DUBLIN—Ireland’s landslide vote in favor of allowing abortion revealed a country that has undergone a profound and rapid transformation from a conservative, deeply Catholic nation to an increasingly secular one that is steadily embracing the liberal mores of the rest of Europe.
With counting in 37 of the 40 electoral districts completed Saturday, 67.3% of voters backed a repeal of a ban on abortion—roughly the same proportion that supported its addition to the constitution 35 years earlier.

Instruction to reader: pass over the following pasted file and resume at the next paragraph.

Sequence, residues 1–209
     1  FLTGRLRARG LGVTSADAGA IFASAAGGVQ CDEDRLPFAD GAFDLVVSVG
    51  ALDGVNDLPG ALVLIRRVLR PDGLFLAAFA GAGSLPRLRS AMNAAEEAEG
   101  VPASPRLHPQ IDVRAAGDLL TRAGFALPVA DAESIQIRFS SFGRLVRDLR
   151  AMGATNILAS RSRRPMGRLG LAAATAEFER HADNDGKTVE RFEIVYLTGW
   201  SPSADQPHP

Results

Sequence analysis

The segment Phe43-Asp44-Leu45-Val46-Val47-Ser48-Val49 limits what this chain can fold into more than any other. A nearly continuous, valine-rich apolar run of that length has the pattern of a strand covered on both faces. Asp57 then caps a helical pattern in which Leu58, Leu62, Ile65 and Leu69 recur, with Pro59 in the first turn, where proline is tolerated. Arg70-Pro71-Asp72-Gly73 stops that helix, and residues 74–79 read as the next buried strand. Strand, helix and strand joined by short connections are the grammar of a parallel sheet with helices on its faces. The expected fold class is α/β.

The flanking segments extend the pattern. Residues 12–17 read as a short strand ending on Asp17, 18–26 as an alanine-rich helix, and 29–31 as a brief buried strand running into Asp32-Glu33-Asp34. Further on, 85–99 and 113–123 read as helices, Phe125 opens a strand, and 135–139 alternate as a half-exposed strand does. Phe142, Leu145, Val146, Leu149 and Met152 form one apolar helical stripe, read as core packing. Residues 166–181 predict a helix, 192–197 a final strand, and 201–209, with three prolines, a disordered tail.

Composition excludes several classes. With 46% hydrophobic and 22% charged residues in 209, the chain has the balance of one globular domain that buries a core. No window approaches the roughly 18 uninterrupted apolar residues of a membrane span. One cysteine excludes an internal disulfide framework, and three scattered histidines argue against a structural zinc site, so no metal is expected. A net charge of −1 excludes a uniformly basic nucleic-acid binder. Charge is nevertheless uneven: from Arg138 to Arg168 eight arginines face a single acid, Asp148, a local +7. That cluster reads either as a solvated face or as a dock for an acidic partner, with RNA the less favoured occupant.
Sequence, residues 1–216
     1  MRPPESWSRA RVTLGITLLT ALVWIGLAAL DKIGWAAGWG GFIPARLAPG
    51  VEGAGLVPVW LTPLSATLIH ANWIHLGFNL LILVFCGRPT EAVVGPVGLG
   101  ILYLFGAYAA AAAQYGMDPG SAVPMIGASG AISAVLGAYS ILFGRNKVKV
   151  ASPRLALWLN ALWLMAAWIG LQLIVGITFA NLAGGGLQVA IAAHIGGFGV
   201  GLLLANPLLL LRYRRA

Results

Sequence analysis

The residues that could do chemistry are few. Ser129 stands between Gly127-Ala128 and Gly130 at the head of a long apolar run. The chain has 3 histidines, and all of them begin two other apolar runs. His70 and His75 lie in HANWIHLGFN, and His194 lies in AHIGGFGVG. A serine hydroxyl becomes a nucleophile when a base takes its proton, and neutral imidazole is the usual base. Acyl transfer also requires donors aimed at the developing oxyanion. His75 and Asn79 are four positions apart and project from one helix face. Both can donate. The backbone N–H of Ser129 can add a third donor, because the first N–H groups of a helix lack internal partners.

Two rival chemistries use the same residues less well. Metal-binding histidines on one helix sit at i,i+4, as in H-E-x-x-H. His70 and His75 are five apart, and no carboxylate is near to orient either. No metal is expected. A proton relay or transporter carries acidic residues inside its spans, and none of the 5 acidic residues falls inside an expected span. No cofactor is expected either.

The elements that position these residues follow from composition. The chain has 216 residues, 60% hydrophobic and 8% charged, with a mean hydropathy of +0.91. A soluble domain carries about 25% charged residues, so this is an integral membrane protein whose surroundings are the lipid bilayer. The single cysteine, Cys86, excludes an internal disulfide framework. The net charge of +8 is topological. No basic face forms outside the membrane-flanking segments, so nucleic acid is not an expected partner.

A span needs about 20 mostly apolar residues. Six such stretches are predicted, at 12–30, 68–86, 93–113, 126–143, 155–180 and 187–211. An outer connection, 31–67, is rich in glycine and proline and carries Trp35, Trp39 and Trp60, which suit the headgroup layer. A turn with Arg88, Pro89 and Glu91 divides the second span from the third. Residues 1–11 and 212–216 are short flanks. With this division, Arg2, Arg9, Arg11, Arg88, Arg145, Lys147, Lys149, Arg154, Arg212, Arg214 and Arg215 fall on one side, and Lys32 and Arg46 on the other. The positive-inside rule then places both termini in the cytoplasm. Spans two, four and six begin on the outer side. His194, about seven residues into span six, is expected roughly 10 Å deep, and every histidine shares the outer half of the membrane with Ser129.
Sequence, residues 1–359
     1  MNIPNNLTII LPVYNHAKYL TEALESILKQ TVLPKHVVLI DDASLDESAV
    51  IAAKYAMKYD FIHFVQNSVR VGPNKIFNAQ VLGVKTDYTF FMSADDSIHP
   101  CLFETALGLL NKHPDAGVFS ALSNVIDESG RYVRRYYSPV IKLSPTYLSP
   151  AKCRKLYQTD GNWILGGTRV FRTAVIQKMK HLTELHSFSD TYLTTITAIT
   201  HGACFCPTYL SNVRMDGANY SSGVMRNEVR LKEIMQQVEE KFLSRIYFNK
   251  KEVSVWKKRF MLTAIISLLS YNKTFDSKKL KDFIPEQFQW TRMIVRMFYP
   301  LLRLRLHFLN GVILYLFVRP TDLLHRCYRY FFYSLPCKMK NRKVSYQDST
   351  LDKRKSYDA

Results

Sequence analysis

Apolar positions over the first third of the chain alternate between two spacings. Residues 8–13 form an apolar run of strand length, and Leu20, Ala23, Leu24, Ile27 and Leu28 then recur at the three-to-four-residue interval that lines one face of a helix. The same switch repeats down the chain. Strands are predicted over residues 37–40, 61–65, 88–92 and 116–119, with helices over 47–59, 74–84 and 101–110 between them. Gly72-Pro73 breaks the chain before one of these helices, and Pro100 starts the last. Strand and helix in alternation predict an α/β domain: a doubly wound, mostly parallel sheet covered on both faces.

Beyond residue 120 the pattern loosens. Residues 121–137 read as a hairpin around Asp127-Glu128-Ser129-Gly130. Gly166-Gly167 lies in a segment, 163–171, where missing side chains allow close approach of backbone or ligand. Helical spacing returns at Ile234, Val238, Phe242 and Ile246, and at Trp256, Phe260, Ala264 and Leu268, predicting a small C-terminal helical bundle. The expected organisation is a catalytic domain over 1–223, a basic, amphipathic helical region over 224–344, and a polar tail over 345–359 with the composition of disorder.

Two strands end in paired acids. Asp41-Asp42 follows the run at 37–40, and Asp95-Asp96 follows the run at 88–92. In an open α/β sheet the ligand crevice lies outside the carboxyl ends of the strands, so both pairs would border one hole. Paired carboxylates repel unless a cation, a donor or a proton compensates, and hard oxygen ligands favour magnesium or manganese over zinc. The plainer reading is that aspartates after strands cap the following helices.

The results were greeted with astonishment across a country where abortion has long been a deeply divisive issue.
“What we have seen today is a culmination of a quiet revolution that has been taking place in Ireland for the past 10 or 20 years,” said Prime Minister Leo Varadkar. “The people have said they want a modern constitution for a modern country, and they trust women.”
If confirmed, the margin of victory would pave the way for legislation proposed by the government—which backed a repeal of the ban—that would allow for terminations of pregnancy up to 12 weeks. Abortion could also be allowed later in the pregnancy under certain circumstances.
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